Wink Loc is walking textbook of gang banging in the 1990s. In the aftermath of the Decepticons, Autobots, United Kings, etc, the Bloods and Crips came to New York. The Crips specifically had a stronghold in areas like Flatbush. As a New York Crip, Wink solidified himself on the street and when he started rapping started to make a name for himself. A rare voice at that time representing Crip in New York, he sat down with The Source to talk about gang banging in New York, his music, and what it means to be a real big homie.

The Source: Who is Wink Loc?

People think I was born in Flatbush, but I was really born in BedStuy across the street from Roosevelt Houses. {Home of Mos Def} From there I moved to Bushwick, then Far Rockaway, then finally to Flatbush. Flatbush is where I had all my most important experiences in life. It’s where I finished high school. At a certain point, I went to Paul Robeson, but I got kicked out for gangbanging. Eventually I ended up at Erasmus Hall, which wasn’t far from my house. I wasn’t really into the streets until I got into high school. The block I grew up on {East 21st} in Brooklyn had a notorious reputation in the street, but I wasn’t in the mix like that. Growing up, I did or tried everything: swimming, tennis, even football. I started basketball and got good at it then I got kicked out of school. Eventually I got deeper in the street and then I just gave up basketball. Growing up in Flatbush, I used to play in Caton Park, but the basketball tournaments always got canceled because of violence.

You were one the first New York Crips to really represent in rap on record. Can you talk about what that experience was like?

I feel like it’s cool to be a Crip now coming from New York. The gang culture is only getting bigger. I feel there is a lot of authenticity among the artists representing. It’s not about glorifying it, but you can touch on the topic in a different way. I don’t think when I was talking about it; it had the impact it would have now. People criticizing didn’t listen to songs like “Detour” telling stories about gangbanging and redemption. They just knew I was Crip and that’s it.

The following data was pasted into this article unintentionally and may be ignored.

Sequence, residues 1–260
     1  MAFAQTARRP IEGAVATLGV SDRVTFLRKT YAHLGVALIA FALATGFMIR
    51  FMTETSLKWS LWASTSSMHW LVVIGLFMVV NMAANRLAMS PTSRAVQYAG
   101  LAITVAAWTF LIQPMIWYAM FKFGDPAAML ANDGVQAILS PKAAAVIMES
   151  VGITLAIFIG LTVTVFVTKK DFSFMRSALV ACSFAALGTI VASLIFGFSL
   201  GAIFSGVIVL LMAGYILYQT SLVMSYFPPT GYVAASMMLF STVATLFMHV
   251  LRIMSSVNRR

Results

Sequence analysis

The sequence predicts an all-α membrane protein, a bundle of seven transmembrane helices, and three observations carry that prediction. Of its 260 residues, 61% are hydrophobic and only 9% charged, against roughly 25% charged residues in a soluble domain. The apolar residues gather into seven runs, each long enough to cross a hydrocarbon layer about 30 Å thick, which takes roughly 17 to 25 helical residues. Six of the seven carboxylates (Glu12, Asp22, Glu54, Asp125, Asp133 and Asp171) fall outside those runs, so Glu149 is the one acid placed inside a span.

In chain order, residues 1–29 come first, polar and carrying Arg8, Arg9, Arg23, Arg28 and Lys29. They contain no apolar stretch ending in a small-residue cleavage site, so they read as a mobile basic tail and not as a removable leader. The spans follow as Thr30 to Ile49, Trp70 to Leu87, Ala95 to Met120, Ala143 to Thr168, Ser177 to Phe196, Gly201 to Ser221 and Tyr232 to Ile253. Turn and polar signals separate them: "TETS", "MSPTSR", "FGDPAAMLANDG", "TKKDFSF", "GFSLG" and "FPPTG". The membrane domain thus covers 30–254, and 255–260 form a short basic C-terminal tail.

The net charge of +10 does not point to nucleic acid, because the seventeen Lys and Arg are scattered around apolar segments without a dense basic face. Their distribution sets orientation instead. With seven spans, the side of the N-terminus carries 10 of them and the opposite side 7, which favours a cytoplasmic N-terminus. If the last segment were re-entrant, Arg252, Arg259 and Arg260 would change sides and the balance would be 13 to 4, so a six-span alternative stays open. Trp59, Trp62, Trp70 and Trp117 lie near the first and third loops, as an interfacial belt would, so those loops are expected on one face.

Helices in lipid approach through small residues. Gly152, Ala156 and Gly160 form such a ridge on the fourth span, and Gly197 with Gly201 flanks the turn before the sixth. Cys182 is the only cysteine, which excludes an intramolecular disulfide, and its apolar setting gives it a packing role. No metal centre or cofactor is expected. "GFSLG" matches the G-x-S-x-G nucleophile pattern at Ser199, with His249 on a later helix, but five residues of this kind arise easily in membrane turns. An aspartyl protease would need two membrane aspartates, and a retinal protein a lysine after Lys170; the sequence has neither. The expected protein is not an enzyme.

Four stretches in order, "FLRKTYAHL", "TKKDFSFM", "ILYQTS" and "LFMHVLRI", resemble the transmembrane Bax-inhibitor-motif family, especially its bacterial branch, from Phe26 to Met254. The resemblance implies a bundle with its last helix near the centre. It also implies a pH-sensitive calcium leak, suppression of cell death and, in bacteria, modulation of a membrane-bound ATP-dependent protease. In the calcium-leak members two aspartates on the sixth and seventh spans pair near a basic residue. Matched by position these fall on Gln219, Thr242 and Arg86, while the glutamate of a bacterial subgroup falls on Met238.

What are your thoughts on the gangbanging and the violence taking place today?

I think it’s all miseducation. Some of the older homies aren’t giving proper guidance and making them aware. Meaning it could be jail or death if they continue down this path. I feel like some of them {older homies} slid meaning they were in the gang, but didn’t participate in gang activity. There is a generation gap. If you are 15 years old and you are hanging out with your older homie and he is in his 30s, you have to question why is he hanging out with you instead of people his own age.

Flatbush the Movie tried to show how the Bloods & Crips came to New York and become major forces of gangbanging. What are your thoughts on the movie? 

I saw it before it got released. I didn’t like it, it seemed a little cartoonish and the movie made it seem like there were mad Bloods in Flatbush which wasn’t the case. Another issue I had with the movie it made it seem like many of the people who joined the Crips and Bloods came from the D-Cepts {Decepticons} which also wasn’t the case. So I wasn’t a big fan of it, but I’m all for people doing positive projects.

What has your journey been like being an artist navigating the music industry?

People believe in me more than I believe in myself when it comes to the music. Steve Carless does and he manages me now. I’m currently working with Priority Records.

What is your musical process like when you go into the studio?

I really love doing music it is the only way I can really express myself. All of my music comes from my heart. A majority of my music comes from direct experience. My process to make music is I get a gang of beats, start writing, and then I go record. To be honest, I never listened to my music before I dropped Locomotive 4. On this album I let out a lot about losing my mother and talked about situations with my brother.

Who are some of the artists you listen to?